Why employers, employees must be on the same wavelength as companies are reopening

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Business



In this file photo from July 29, proof of vaccination is displayed at a San Francisco bar. As more businesses reopen after covid19’s latest shutdown, businesses need to clearly communicate their new policies. – AP PHOTO

LISA-ANN JOSEPH

As the pace of reopening after covid19 is closed accelerates in TT, businesses of all kinds should be finalizing their reopening strategies. For those who have not given it enough thought, communication between all the groups that create a successful economic and social unity must become an indispensable part of reopening.

A well-planned and implemented communications program for a safe and successful reopening will avoid clamor and unproductive conflict.

To begin with, those responsible for the reopening process will need to create clear and frequent messages about new interactions in the workplace. Already, several organizations and employers have taken the position that only employees, including workers and managers, who have not been vaccinated will not be allowed to enter company premises.

If the leaders of an organization have come to this conclusion, the details of the organization must be communicated clearly and effectively. Supporting such communication must be the justification for adopting this approach, i.e. preventing any possibility of the wild spread of covid19 and its variants among employees and customers.

Additionally, it should be reassuring to everyone in the workplace that the government and other jurisdictions around the world have already adopted the policy that only vaccinated workers will be allowed to return to work. This policy was adopted with the advice of international, regional and local health experts.

In addition, communication must take place before employees and customers reach the front door. It will be a real embarrassment for the employers and employees to argue this matter out there.

Management must also decide whether it will allow employees who are unwilling to be vaccinated to work from home. Such a decision must, of course, be based on whether remote working will disrupt business and contribute to the operations of the company.

The business establishment should also have a clear policy on the conditions under which people – employees, customers, suppliers – will be allowed to enter the business and apply these policies consistently.

If the norm is that people should be vaccinated, wear masks, disinfect their hands, and keep their distance from others, then these protocols should apply to everyone. Most importantly, these standards need to be communicated to everyone and across different platforms.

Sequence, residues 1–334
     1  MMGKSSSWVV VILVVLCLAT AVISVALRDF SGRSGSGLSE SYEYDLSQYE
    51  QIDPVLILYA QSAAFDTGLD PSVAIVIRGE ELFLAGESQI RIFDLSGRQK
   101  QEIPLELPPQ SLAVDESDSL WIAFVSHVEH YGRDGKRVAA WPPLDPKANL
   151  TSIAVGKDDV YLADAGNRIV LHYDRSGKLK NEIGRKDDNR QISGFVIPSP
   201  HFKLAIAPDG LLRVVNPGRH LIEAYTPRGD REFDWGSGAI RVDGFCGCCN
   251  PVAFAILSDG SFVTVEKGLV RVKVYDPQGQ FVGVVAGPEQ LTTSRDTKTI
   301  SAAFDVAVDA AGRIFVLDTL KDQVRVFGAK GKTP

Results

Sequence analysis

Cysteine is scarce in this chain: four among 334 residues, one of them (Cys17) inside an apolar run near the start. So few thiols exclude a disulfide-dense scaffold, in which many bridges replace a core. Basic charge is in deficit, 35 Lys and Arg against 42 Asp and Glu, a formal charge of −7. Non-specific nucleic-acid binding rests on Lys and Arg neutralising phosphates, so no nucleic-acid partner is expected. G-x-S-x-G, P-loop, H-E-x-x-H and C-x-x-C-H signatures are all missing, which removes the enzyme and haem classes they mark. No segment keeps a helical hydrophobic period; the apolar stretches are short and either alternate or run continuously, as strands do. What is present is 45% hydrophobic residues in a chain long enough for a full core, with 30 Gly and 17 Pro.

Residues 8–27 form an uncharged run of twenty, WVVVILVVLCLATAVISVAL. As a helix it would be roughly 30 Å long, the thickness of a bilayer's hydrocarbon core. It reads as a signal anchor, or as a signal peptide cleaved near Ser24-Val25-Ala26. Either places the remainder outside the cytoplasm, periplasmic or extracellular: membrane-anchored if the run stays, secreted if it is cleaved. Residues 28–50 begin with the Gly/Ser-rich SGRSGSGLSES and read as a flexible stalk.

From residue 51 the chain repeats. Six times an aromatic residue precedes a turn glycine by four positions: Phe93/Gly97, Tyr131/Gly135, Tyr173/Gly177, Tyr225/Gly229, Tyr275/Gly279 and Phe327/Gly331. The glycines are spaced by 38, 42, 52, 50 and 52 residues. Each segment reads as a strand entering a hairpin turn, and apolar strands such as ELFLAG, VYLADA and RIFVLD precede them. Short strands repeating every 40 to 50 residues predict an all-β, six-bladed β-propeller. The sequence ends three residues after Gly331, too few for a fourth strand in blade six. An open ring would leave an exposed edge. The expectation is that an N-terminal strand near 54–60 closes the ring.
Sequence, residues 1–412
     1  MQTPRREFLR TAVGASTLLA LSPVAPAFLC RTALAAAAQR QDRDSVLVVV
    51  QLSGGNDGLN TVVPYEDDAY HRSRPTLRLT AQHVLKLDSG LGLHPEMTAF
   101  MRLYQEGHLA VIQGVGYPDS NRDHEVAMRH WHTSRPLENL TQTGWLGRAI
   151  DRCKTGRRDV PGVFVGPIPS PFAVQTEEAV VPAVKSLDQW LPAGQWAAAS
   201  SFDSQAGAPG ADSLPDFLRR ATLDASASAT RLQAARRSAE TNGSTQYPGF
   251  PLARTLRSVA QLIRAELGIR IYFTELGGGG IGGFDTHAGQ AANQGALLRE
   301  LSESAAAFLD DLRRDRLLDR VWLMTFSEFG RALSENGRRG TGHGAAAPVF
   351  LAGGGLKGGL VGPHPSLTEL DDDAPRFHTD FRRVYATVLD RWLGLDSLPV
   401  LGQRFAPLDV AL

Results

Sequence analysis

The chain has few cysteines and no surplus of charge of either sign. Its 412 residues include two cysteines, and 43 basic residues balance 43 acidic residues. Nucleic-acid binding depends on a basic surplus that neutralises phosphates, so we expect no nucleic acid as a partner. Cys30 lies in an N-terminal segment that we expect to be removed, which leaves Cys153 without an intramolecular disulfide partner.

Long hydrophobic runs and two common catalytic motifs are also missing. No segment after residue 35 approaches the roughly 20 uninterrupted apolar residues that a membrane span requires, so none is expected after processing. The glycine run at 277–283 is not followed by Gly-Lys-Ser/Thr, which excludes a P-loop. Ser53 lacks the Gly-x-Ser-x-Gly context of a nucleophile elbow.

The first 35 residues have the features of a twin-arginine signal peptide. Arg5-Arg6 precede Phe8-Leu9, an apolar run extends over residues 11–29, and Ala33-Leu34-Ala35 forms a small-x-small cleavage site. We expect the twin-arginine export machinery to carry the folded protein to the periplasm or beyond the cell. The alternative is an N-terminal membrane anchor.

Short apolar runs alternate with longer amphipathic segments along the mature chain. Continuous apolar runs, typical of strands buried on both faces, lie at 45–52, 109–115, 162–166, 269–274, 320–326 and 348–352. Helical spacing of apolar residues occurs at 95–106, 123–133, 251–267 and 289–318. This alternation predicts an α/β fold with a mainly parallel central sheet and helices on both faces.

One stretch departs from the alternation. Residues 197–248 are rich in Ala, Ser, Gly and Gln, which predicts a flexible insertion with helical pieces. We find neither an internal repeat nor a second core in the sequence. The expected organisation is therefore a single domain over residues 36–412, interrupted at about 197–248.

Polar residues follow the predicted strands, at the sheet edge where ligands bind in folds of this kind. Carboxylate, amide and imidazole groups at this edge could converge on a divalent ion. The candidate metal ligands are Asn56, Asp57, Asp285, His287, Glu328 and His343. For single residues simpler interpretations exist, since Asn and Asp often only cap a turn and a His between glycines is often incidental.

Therefore, the company must also develop ways of communicating with customers. Whether communication occurs in signage or having someone at the door to communicate with customers about requirements, the need is to publicize the policies that have been put in place to protect all stakeholders in the business. .

It may not strike some employers that they too must adopt all the protocols that they ask of their employees. As I write, it is very encouraging that Planning and Development Minister Camille Robinson-Regis has met with employers and union representatives to develop policies on immunization and the wearing of protective masks on the job. workplace.

Either way, thereafter, it must be communicated fully and effectively in offices and places of business.

Management should clearly communicate to employees who would be authorized to return to work and who would work from home, and the safety and security measures that would be in place. – PHOTO BY SUREASH CHOLAI

Now let me clarify that this type of comprehensive communication requires interaction, agreement, disagreement, resolution, and understanding. Adopting a communications program can seem like a joke for employers. However, the potential for disruptive costs over time will be much greater.

Of course, too, employers and employees may want to avoid ongoing episodes and processes of communication. But as we are aware, the pandemic is dynamic and changing all the time. This means that the initial communication processes will have to continue for some time.

We offer here some tools and communication process around everyone’s return to work. First, consider producing a simple introductory video to show employees how the company is working to make any changes necessary to keep them safe on the job. Using a good smartphone can do the trick.

Second, create messages that will connect employees and management to keep them informed. Think about the issues they will face and make sure they are factored into the communication process. Setting up a simple question-and-answer communication tool can help promote understanding.

A communications strategy is essential to foster a new and enlightened environment and will make the difference between controversial success and failure.

Lisa-Ann Joseph is Managing Director of Reputation Management Caribbean, a public relations and crisis communications agency. Recently, she launched a training division, the Institute for Reputation Management. For any questions or comments, contact her at [email protected]


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